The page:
As Allison Deger noted yesterday, Israeli Prime Minister Benjamin Netanyahu’s statements on the day of the funeral for the three killed Israeli teens included vengeful language. That rhetoric is generating controversy in light of considerable Israeli violence directed at Palestinians. Even the Jewish Forward, a liberal Zionist newspaper in the U.S., has expressed sharp objections to Netanyahu’s comments as incitement.
Today Netanyahu seemed to walk the revenge theme back in a July 4 celebration at the US embassy in which he urged Israelis to be “cool-headed.” I’ve got an excerpt below, but the damage has been done. So first, here’s some of Netanyahu’s record.
From the speech, above, at the funeral on Tuesday:
The light you [the boy's families] radiate shines even brighter in contrast to the horrific darkness of those who seek our destruction — despicable kidnappers of children, heinous murderers whose brothers rejoice at the spilling of innocent blood.
A deep and wide moral abyss separates us from our enemies. They sanctify death while we sanctify life. They sanctify cruelty while we sanctify compassion.
This is the secret of our strength; it is the foundation of our unity. Throughout the history of our people, we have proven time and again that even when faced with the greatest of tragedies and the deepest agony and despair, the force of life that pulses in us overpowers the murderous aspirations of our enemies.
the Prime Minister spoke again about the three before a security cabinet meeting, saying, “May God avenge their blood.”
“Whoever was involved in the kidnapping and the murder will bear the consequences,” Netanyahu said Tuesday evening. “We will neither rest nor slacken until we reach the last of them. And It does not matter where they will try to hide.”
Vengeance for the blood of a small child, Satan has not yet created. Neither has vengeance for the blood of 3 pure youths who were on their…
way home to their parents who will not see them anymore. Hamas is responsible and Hamas will pay. May the memories of the 3 boys be blessed. — PM of Israel (@IsraeliPM) June 30, 2014
Those tweets were preceded by these two:
They [the boys] were abducted & murdered in cold blood by human animals. On behalf of the entire Jewish People, I would like to tell the dear families-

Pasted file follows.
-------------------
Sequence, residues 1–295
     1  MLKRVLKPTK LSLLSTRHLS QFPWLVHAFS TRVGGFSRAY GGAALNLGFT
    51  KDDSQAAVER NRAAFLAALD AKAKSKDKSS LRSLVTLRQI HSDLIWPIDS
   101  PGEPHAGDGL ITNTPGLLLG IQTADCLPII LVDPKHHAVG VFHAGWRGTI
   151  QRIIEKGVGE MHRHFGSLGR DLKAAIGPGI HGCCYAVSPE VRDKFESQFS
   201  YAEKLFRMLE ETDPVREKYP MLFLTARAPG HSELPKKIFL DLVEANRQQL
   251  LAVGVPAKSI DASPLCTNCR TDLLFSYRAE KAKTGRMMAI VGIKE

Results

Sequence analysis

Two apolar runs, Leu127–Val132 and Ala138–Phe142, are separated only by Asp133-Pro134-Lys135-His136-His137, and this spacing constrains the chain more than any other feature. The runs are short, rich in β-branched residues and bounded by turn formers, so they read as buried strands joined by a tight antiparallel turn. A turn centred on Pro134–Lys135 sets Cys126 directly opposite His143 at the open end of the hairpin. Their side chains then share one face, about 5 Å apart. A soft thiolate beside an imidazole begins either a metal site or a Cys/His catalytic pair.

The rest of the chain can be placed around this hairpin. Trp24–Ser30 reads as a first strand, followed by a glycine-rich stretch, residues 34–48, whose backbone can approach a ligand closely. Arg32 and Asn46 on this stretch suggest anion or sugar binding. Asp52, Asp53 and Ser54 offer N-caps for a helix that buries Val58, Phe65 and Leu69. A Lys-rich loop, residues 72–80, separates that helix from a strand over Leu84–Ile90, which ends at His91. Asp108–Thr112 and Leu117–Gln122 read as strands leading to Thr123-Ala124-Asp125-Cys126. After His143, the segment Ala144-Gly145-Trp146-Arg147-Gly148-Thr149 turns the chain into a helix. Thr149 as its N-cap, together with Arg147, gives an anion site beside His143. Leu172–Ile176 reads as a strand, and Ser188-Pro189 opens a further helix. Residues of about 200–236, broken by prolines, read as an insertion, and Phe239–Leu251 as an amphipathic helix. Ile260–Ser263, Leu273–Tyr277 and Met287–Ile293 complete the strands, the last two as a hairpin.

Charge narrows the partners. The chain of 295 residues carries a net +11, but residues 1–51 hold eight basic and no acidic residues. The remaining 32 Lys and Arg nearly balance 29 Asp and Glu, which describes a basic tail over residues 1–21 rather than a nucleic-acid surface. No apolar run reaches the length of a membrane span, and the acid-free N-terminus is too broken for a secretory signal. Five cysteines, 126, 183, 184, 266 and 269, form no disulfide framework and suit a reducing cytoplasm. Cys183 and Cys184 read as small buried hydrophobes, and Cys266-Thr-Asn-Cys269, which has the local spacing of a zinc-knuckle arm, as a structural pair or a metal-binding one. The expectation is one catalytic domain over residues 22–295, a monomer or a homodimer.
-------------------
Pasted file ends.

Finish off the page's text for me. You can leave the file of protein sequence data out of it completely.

the mothers, fathers, grandmothers and grandfathers, and brothers and sisters – we are deeply saddened, the entire nation weeps with you. — PM of Israel (@IsraeliPM) June 30, 2014
The Forward has published a story, “Did Bibi’s ‘Vengeance’ Tweets Provoke Violence?” Gal Beckerman reminded readers that the PM was once blamed for inciting Yitzhak Rabin’s murder, in 1995:
There are ways of channeling the pain and anger of a country without calling for vengeance, which in its classically biblical form is indeed an eye for an eye, a life for a life. Why not talk instead of justice, of tracking down the perpetrators and holding them to account for their crimes? Wouldn’t it have seemed more temperate, more responsible, to call for justice instead of vengeance?
Hody Nemes in the Forward also found the Israeli language offensive. “Why Israeli Thirst for Revenge Is Profoundly Un-Jewish.”
In the ancient Near East, this sort of literal punishment was expected: the Code of Hammurabi says that if your ox gores someone’s child, your child should be killed as punishment. Under middle Assyrian law, if a man’s wife was raped, he could rape the rapist’s wife. If you hurt my family, I get to hurt yours.
But the Torah rejects this barbaric notion. In Deuteronomy 24:16, we read, “Parents shall not be put to death for children, nor children be put to death for their parents: a person shall be put to death only for his own crime.” And while it’s true that the Torah commands us to “take an eye for an eye,” the rabbinic tradition we follow reinterprets this as a demand for monetary compensation. Literal bodily punishment is forbidden.
The Forward’s Nathan Jeffay pointed out that Netanyahu’s June 30 tweet about the Jewish people alienates Israeli Palestinians:
Nissim Ibarith, a Palestinian Israeli from the mostly Arab town of Umm al-Fahm… felt “angry” [at the killings], he told the Forward.
…“There is a war, there are problems. But a child? What did he do and what can he do?”…
Prime Minister Benjamin Netanyahu appeared to exclude Arab citizens like Ibarith from sharing in the national sense of grief over the murder of their fellow citizens. He instead seemed to speak as the leader of world Jewry.
Now here is Netanyahu walking back the revenge theme in a July 4 celebration at the US embassy:
We will pursue all those who had a part in the murders of Gilad, Eyal and Naftali and we will catch them…. we will bring those responsible for this crime to justice.
I appeal to all the citizens of Israel and ask you: Please exercise restraint in your actions and words. Our hearts ache, our blood boils, but we must remember that we are, first and foremost, human beings and we are citizens of a law-abiding country. We are making decisions in a responsible, cool-headed and considered manner.